The history of photography is a long and complex one, with many changes and developments over the years. It took multiple generations for photography to develop into the beloved art form that we’ve come to know today. While we see it as a way of creative expression and a way to show emotion to others, photography was previously seen solely as a scientific development. While photography did not officially begin until the 19th century, its origin dates back to the 5th century BCE, with the invention of the camera obscura. This early version of a camera consisted of a pinhole in a dark
Illustration of the camera obscura principle from James Ayscough’s A short account of the eye and nature of vision (1775 Fourth Edition)
Nicéphone Niépce-View from Window at Le Gras 1872
chamber pointed at an external object. This image would then be projected onto a screen or wall for viewing. The ancient Greeks were the first to use this type of device to create visual images of the world around them. As the camera obscura became more sophisticated over time, so did the images it was able to produce. These early “photographs” were taken purely for entertainment purposes and couldn’t capture a moment the way photographs can today.
The advancements that led to the creation of photography began in 1717 with Johann Heinrich Schulze’s discovery that a silver nitrate solution would darken when exposed to light. He began experimenting with this chemical solution and found that it produced a negative image when exposed properly to light. He then coated a glass plate with silver nitrate and placed it in a box along with a light-sensitive surface called silver chloride. When placed in the box, the silver nitrate would darken while the silver chloride would be left unaffected, resulting in an image on the glass plate that was the reverse of the scene outside. He called this new process photogenic drawing because it produced a visible drawing from a light-sensitive surface. During this time, photographs were mostly used to take pictures of scenery or portraits for painters and other artists to reference in their works.
It wasn’t until the late 1880s that art photographers began to gain recognition for their skill and artistic vision. This coincided with a growing appreciation for the aesthetic qualities of the camera obscura and the emergence of new darkroom techniques that made it possible to manipulate and improve photographs. In the late 1800s and early 1900s, many prominent artists began incorporating photography into their works; these included Marcel Duchamp, Man Ray, Ansel Adams, Edward Steichen, Imogen Cunningham, Paul Strand, Alfred Stieglitz, and many others. By the end of the century, photography had gained widespread acceptance and was being recognized as a legitimate art form in its own right.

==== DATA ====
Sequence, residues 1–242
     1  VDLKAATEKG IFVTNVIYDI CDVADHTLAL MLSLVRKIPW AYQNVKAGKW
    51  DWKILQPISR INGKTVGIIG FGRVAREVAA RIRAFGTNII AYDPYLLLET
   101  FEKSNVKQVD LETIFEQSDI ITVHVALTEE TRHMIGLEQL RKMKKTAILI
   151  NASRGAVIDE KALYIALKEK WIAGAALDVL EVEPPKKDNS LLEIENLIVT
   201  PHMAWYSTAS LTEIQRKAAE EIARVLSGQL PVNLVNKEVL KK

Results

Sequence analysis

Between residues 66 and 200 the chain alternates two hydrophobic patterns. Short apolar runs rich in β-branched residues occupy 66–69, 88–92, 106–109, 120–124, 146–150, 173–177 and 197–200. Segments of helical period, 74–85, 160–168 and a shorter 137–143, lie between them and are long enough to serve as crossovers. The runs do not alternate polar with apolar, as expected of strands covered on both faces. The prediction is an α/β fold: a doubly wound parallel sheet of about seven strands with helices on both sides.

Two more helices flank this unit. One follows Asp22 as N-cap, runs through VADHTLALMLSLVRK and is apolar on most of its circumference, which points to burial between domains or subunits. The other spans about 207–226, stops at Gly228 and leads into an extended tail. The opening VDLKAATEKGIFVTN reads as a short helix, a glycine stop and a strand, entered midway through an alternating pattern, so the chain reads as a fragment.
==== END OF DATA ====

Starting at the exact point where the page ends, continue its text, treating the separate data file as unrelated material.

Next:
However, it wasn’t until KODAK introduced the Brownie camera in 1900 that photography and film-making began to evolve into what we know today. With the first mass-produced commercialized camera available to the general public, the public’s perception of photography began to shift from a scientific perspective to more of an artistic perspective. The growing popularity of the Brownie led to an explosion of interest in photography among the public, leading many amateur photographers to begin experimenting with different techniques and developing their styles. By the 1930s, color photography was introduced, and the public’s interest in photography had grown substantially to the point where there was now a large market for amateur photographers who wanted to share their photos with others. During the 20th century, photography proved to be a useful tool in documenting the world’s events and experiences; it was also used as a tool for both personal and professional self-expression. Interest in photography continued to grow as there were more advancements in cameras and the field of photography. The Polaroid camera was invented in 1948 and was able to instantly develop and print out photos as they were taken. In 1975, the Digital camera was invented, allowing photographers to adjust various camera settings and capture images in ways that they were unable to previously. These inventions simplified and sped up the process of photography and assisted in increasing photography’s popularity.
As the world moved into the 21st century, so did photography. New and improved technologies were being developed at a rapid pace, helping to bring innovations to the world of photography. Now widely accepted as an art form and a medium for self-expression, the widespread use of photography in everyday life is what makes it such a powerful force in our world today. The integration of the camera into everyday technology helps perpetuate the fact that it is one of the most fantastic inventions of all time. To elaborate on this fact, I’ll leave you with a few closing thoughts. Photography has truly made an impact on our world over the last hundred years and will continue to do so in the years to come. It has helped shape our understanding of history, challenged our views on the world around us, and helped us to gain a better understanding of ourselves and others as individuals. We can create so much with such an easily accessible tool, and it allows for a unique form of communication that no other medium can rival. Whether you use this medium to produce art, a simple family photo or showcase the happenings around the world, everyone who takes part in photography is part of a vast family using the camera as a means to connect.
Before I leave you for today, I would like to leave you with a couple of links where you can learn more about the history of photography and related topics, writers of which may be much more in-depth and concise than I am; Please enjoy their efforts.
The blog is written by Lucas Campoe and edited by staff